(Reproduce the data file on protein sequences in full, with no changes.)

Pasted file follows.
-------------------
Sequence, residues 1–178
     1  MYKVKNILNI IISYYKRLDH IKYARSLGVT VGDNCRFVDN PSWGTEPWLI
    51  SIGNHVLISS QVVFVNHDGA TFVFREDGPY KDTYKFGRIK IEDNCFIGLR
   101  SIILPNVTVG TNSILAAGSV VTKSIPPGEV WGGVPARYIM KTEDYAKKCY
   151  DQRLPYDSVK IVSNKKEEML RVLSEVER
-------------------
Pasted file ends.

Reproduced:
Sequence, residues 1–178
     1  MYKVKNILNI IISYYKRLDH IKYARSLGVT VGDNCRFVDN PSWGTEPWLI
    51  SIGNHVLISS QVVFVNHDGA TFVFREDGPY KDTYKFGRIK IEDNCFIGLR
   101  SIILPNVTVG TNSILAAGSV VTKSIPPGEV WGGVPARYIM KTEDYAKKCY
   151  DQRLPYDSVK IVSNKKEEML RVLSEVER